How to reach: The nearest international airports are in Baden (64km) & Stuttgart (175 km). Ringsheim train station is just 4km from Europa-Park, and there is a direct connecting bus service to the park.

Just 20 km outside the beautiful city of Cologne is Phantasialand. An exotic rendition of a classic rollercoaster park, this park has everything from gravity-defying coasters to mesmerising theatrics, including the likes of Mongolian acrobats and Miji African dancers.

Credit: Phantasialand Schmidt-Löffelhardt GmbH & Co KG

Photo of Phantasialand, Berggeiststraße, Brühl, Germany by Trisha Singh

Phantasialand's coolest rollercoaster is called the Taron. It looks like an insane ride with 58 intersections and claims to be the fastest multi-launch coaster in the world!

Phantasialand also prides itself on its gastronomical offerings, unlike other amusement parks in general which are usually heavy on the overpriced ice-cream and french-fries staple. Not here though; there are over 13 restaurants and bars serving everything from Tapas to 6-course butlered, candle-lit meals.

Entrance fee: €45.00 for adults(12 +), €29.00 for children

How to reach: Cologne Bonn is the nearest international airport and Brühl is easily accessible from the city of Cologne by local transportation. Trams (no. 18) and trains run between Bruhl and Cologne all day long. The park also operates a shuttle service from the Brühl train station and the Brühl-Mitte tram stop.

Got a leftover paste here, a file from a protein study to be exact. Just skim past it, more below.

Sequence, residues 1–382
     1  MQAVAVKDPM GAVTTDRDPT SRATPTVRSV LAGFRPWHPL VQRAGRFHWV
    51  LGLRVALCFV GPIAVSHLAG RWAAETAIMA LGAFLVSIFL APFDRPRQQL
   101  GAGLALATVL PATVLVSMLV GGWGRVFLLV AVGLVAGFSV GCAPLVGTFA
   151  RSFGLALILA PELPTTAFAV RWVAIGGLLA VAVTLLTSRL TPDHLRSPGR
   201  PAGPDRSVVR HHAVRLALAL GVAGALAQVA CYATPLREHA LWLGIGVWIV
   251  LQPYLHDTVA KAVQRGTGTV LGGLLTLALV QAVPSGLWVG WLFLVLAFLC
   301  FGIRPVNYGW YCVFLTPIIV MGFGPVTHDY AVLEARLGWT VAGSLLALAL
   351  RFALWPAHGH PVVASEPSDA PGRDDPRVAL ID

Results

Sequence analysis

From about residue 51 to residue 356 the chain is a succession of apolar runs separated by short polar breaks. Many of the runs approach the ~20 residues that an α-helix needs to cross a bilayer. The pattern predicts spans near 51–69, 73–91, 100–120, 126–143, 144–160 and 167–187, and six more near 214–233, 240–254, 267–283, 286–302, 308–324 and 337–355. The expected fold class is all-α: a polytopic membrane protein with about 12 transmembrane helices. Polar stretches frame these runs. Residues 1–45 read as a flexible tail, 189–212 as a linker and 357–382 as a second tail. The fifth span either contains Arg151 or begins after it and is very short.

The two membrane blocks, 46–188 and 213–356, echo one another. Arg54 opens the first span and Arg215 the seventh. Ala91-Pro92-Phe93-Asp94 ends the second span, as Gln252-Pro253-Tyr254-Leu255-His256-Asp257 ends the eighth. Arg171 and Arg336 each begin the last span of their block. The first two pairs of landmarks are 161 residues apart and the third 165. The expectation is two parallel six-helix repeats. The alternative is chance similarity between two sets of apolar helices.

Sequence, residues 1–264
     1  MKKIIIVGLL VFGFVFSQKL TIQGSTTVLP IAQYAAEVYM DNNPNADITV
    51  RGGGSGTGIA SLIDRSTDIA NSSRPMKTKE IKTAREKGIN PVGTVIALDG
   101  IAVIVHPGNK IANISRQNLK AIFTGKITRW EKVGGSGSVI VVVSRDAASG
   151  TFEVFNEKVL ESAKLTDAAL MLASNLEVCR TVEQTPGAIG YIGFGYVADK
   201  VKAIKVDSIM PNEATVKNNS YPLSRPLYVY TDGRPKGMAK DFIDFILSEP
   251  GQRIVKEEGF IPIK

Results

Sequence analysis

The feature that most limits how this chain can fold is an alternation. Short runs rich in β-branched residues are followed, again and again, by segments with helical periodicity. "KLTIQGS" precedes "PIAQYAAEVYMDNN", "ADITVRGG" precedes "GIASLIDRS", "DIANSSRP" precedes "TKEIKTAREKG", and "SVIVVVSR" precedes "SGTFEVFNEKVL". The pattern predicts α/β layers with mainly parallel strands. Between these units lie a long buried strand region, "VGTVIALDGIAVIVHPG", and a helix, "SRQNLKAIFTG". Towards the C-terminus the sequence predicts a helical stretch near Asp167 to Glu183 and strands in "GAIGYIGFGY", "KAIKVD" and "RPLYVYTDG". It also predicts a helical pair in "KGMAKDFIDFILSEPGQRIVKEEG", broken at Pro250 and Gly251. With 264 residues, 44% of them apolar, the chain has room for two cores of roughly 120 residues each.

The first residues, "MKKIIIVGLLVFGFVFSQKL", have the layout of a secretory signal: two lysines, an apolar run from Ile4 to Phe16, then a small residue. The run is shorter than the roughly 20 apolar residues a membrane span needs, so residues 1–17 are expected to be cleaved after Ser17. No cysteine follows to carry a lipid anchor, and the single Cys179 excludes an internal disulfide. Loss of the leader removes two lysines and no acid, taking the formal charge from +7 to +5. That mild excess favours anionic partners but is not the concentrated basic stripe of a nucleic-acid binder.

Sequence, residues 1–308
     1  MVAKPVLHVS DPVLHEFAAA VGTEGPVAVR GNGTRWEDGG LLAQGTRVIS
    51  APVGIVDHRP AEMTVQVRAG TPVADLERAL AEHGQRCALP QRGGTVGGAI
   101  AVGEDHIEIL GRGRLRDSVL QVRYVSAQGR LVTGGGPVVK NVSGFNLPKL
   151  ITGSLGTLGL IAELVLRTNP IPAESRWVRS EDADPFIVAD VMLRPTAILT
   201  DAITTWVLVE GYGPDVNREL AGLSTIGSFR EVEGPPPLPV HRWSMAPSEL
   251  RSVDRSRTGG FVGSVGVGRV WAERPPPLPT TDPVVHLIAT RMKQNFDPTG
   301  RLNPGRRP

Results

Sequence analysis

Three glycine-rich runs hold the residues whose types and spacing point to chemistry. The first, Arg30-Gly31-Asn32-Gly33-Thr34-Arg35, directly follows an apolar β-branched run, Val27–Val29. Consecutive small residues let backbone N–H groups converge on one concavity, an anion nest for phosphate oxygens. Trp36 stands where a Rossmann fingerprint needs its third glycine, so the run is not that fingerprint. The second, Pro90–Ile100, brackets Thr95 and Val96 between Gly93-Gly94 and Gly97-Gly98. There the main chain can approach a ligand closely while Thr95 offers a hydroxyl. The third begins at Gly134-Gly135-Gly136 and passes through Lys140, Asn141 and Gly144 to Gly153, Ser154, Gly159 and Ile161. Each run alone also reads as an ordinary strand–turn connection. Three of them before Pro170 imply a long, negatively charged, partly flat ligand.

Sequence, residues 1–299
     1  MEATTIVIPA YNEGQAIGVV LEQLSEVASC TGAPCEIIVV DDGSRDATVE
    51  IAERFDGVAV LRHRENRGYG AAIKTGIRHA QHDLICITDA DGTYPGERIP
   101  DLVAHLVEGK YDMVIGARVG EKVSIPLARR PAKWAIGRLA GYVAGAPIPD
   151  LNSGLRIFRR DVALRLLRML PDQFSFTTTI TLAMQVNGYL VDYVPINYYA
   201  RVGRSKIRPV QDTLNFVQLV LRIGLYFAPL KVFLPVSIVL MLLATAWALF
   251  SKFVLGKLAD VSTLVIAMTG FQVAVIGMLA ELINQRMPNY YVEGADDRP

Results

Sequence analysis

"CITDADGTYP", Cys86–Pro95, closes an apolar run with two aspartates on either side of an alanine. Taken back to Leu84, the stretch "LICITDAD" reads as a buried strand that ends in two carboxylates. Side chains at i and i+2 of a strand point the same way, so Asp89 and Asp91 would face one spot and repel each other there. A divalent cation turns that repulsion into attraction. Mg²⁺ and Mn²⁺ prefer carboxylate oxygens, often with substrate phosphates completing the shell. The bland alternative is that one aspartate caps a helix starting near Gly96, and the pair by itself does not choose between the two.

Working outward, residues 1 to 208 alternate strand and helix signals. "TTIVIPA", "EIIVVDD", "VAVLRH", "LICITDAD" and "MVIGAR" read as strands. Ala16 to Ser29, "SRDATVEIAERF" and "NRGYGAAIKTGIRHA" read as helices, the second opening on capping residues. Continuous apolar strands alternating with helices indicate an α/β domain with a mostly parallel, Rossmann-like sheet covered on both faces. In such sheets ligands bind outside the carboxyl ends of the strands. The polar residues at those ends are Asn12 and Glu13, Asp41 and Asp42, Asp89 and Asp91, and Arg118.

This picturesque theme park is located right by the beach! Imagine having the Baltic sea for a view, right before the coaster plunges into a nosedive. In fact, their signature rollercoaster, which was unveiled just last year, does just that. The Oath of Kärnan features a 60 m reverse free-fall, the first of its kind in the world.

Credit: HANSA-PARK Freizeit- und Familienprak GmbH & Co. KG

Photo of HANSA-PARK, Am Fahrenkrog, Sierksdorf, Germany by Trisha Singh

Another screamtastic ride that caught my eye is called Nessie. The ride is named after the legendary Scottish lake monster and has an impressive giant loop with some serious inverted twists. Check it out.

Entrance fee: €36.00 for adults(14 +), €29.00 for children

How to reach: The nearest airports are at Lübeck-Blankensee (20km) and Hamburg-Fuhlsbüttel (70 km) away). Hansa Park is a 10 minute walk from the Sierksdorf train station, which is well connected to all German cities, including Hamburg, Lübeck.

The World of German Cinema

Film-Nerds Unite! Germany's unique film parks are no Hollywood-knock offs. The German film industry has shaped the history of global cinema and their pioneering film studios are sought by filmmakers from around the world. Here are two of the most popular ones.